So the next step is to put on your disposable nitrile gloves and wipe down all of the areas you’re going to apply sealant to with the mineral spirits and a rag. You’ll find at times that it’s easier to use a paper towel or the old toothbrush for the harder to reach areas, so go ahead and use those as needed.
Once you’ve wiped down the old lap sealant with the mineral spirits and some muscle, you’ll find they become white again.
These areas need to dry completely in order to put sealant on them, so move onto the next area and wipe that down. Get all your wipe downs done first.
The reason you want to do all of your cleaning first is once you’ve opened up the tube of lap sealant, you’ll want to use it all right away. If you have to pause to clean off another section, it can be a messy mistake.
By working from the back of the coach to the front, by the time you are done wiping down the areas on the front of the coach, the back will be dry enough for you to begin the sealing process.
Step 4: Git ‘er Sealed
Now that all your surfaces are clean, break out your caulking gun and load it with your self-leveling lap sealant. Make sure you are in a well ventilated area – outside is good. This lap sealant can make you a little dizzy, which really sucks when you are on a roof. But if you are outside, it will help tremendously.
Now go to the areas you noticed or marked earlier, again starting at the back of the coach, and begin to apply the sealant liberally.
Don’t worry about making it look pretty. It’s on the roof and, unless your friends have a helicopter, they’ll probably never see how hard you worked anyway.
The important thing here is to make sure you fill in all of the cracks, from the hairline cracks to the major ones. Because the sealant is self-leveling, it will seep into the cracks and fill them up on its own.
What you should see when you are done is a nice white layer of lap sealant that has no visible cracks or openings. On your way back to the ladder, double check all of your new sealant and make sure you don’t see any cracks and that you didn’t miss any spots you originally marked.
That’s it. You’re done!
It took me about 3 hours to do my roof maintenance. Hmmm…let’s see…3 hours x $80-100 per hour…
At minimum, you’ve earned yourself an ice cold glass of sweet iced tea. Go on and enjoy a glass, knowing you’ve just saved yourself enough in repair costs for that new retractable ladder you’ve been pining for.
Final Thoughts on Annual RV Roof Maintenance
Remember not to use this self-leveling lap sealant on vertical surfaces. It only works on horizontal surfaces. Also don’t use it on skylights. Lastly, set yourself a reminder to check the roof again in about six months. It should still be fine in six months time, but it’s a good thing to check just in case.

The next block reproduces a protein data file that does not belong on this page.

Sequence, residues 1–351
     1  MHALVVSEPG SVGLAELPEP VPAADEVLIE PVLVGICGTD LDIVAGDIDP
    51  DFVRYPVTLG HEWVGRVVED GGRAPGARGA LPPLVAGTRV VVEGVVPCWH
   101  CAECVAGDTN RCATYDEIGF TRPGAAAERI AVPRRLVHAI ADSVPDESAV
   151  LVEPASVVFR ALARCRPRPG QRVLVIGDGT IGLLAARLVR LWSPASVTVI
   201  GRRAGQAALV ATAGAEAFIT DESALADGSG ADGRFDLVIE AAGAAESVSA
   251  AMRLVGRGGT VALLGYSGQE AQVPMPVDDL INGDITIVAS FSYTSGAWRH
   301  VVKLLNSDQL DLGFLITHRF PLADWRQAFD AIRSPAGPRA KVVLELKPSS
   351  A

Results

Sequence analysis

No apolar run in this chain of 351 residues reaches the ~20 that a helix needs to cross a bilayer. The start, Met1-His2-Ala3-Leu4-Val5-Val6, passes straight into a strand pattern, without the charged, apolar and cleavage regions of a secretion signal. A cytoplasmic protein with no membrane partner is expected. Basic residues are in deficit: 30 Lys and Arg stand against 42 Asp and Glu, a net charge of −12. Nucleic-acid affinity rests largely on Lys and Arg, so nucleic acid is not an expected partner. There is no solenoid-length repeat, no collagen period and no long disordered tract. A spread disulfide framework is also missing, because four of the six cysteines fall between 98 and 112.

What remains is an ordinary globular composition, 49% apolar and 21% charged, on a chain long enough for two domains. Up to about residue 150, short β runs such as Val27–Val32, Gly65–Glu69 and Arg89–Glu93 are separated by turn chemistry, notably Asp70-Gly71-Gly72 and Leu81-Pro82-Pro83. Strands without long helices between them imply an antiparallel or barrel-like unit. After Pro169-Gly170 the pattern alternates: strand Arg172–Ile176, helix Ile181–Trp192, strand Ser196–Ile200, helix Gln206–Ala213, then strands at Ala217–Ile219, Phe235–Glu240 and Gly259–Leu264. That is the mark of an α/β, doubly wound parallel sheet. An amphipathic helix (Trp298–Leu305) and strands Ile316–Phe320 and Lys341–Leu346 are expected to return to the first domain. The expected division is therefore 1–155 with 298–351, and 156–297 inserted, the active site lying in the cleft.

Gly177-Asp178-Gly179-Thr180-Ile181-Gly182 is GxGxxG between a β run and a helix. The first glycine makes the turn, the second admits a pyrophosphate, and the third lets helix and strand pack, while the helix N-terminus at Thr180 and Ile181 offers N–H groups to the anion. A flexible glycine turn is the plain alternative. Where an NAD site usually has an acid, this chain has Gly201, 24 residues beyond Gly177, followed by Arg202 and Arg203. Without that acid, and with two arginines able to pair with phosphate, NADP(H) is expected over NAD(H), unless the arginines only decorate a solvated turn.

Lastly, I’d love to hear your thoughts, advice, and questions, so please don’t hesitate to comment below! -E
Great tips and very timely since we are about to do this very thing. I’m sharing this on Tales From the Mutiny page too!
Awesome Lynn! Appreciate the share. I think the guy next to me may have read my article. I’m working from the couch this morning and he’s up on the roof and he just waved to me. Haha. So let me know how your roof goes! Miss you guys and hope to connect again soon!
Eric, you’re a great teacher. All of your instructions were clear and easy to understand. Neither myself or my husband are handymanish at all! But, by the end, I feet that we really could do this type of repair ourselves. Thanks!
Oh, I’m gonna share this as well. Too good not to!
Thanks Deborah, you’re very kind. I appreciate you sharing the article. We’re just getting started with this whole RV blog thing. If you do decide to give it a shot, let me know how it goes and if there is anything you learned along the way. We’re all in this together! ~ E
Great explanation! Roof maintenance is definitely one of the easiest ways for a do-it-yourself RVer to save the cost of an RV shop, since it’s such an easy task. We suggest that every RVer should keep a tube of Dicor on board at all times! We made a video about this exact topic if you’d like to see how we do it: https://www.youtube.com/watch?v=PzAjZbCEbLU
Hi, Eric. Just popped over from RVHH. You aren’t kidding about Dicor getting messy. I always say I need at least 2 tubes for a 1-tube job, because I’ll be wearing half of it! This is a great article and I learned I don’t have to scrape all the old sealant off!!! Argh!!! Thankfully I hadn’t gotten too far in the job, so this will save me loads of time!!! Thanks! ~Norma~
Great article. And thanks for not succumbing to the everything-shall-be-youtubed craze. I watch videos only when I can’t find a clear enough tutorial. What can I say, I learn a lot better from reading.
Hey there, I really liked your article. Just bought a 1977 Minnie Winnie and know nothing! Do you have anything on the sky lights? I just want to replace the two on the top, and it would seem like I should be able to do that on my own….?? I have a drill 🙂